“In this watershed moment for women and our nation, we need leaders willing to do the right thing, condemn this behavior, and reform the system,” Crow said in his statement, calling Meehan’s admitted behavior “unbefitting of a member of Congress and inexcusable.”

After calling on Coffman to donate the contributions to charity and denounce his donor’s behavior, Crow added, “I’ve called for greater accountability in Congress and for members to be held to the same standards as our service members. It’s time for Mike Coffman to step up and do right by the many women and men coming forward to share their stories.”

In December, Coffman signed on as co-sponsor to legislation that wold ban federal lawmakers from using taxpayer funds to settle sexual harassment claims. dubbed the Stop Taxpayer Obligations to Perpetrators of Sexual Harassment Act.

“I find it unconscionable that taxpayer dollars have been spent to settle sexual harassment cases on behalf of members of Congress,” Coffman said at the time in a statement. “As public servants, entrusted with taxpayer dollars, this is simply unacceptable.”

It’s become almost a ritual in recent years for politicians to demand their opponents return “tainted” campaign contributions when scandals come to light. Last year, as a wave of sexual misconduct allegations shook the political, entertainment and news industries, leading Democrats rushed to rid themselves of donations they’d taken over the years from Hollywood luminaries.

Nearly three years ago, Coffman donated $20,000 his campaign had taken over several cycles from disgraced former U.S. Rep. Aaron Schock’s political action committee before the Illinois Republican resigned when his lavish spending of taxpayer dollars came to light, including redecorating his congressional office in the posh style of the BBC show “Downton Abbey.”

Before Coffman announced he’d donated the contributions, a spokesman for the Colorado Democratic Party blasted Coffman for accepting “shady campaign cash” from Schock, while left-leaning ProgressNow Colorado demanded Coffman give up Schock’s “dirty money” when a liberal news site reported Coffman hadn’t responded to inquiries about the funds.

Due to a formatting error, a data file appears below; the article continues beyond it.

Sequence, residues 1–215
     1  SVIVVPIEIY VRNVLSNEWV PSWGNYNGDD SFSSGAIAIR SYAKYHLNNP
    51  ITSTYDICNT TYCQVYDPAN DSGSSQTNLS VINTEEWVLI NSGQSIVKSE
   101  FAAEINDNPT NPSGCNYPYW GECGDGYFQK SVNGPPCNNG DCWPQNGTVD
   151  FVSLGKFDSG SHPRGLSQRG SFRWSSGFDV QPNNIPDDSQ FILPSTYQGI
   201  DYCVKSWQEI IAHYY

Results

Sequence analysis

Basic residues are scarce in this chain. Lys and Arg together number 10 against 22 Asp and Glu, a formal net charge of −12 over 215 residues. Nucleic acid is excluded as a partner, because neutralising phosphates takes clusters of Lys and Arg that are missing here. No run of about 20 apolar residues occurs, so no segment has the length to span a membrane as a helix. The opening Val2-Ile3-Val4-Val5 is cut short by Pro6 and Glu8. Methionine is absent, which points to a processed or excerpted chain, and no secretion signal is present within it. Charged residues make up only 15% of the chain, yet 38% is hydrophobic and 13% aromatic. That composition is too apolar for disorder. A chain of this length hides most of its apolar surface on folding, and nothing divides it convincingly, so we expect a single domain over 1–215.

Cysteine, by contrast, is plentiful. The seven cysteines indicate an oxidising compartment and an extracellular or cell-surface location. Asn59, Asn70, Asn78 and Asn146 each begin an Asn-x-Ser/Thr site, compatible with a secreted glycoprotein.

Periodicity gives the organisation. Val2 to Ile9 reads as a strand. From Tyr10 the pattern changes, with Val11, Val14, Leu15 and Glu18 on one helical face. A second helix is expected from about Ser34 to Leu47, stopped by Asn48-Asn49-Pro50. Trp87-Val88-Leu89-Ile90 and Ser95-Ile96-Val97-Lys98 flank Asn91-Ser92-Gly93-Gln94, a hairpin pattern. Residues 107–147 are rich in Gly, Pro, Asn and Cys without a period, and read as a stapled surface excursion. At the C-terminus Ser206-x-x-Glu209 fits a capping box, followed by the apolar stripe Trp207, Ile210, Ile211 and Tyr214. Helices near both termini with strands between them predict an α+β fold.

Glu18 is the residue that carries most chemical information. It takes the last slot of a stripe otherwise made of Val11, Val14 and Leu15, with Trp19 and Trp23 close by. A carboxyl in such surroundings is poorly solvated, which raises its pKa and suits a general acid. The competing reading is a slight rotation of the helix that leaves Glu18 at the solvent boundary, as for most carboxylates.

Coffman donated the money to a veterans organization earlier, after Schock resigned, Sandberg told Colorado Politics at the time, saying the campaign hadn’t felt “a need to trumpet the donation.” He added, “Sorry to upset the left-wing attack machine so desperate to find a flaw with Mike Coffman.”

Ernest Luning

Ernest Luning

Ernest Luning is a political correspondent for Colorado Politics. He has covered politics and government for newspapers and online news sites in Colorado for more than 25 years, including at the Highlands Ranch Herald, the Jefferson Sentinels chain of community newspapers and the Aurora Sentinel, where he was the city hall and cops reporter. After editing the Aurora Daily Sun, he was a political reporter and blogger for The Colorado Independent site. For nearly a decade, he was a senior political reporter and occasional editor at The Colorado Statesman before the 119-year-old publication merged with Colorado Politics in 2017.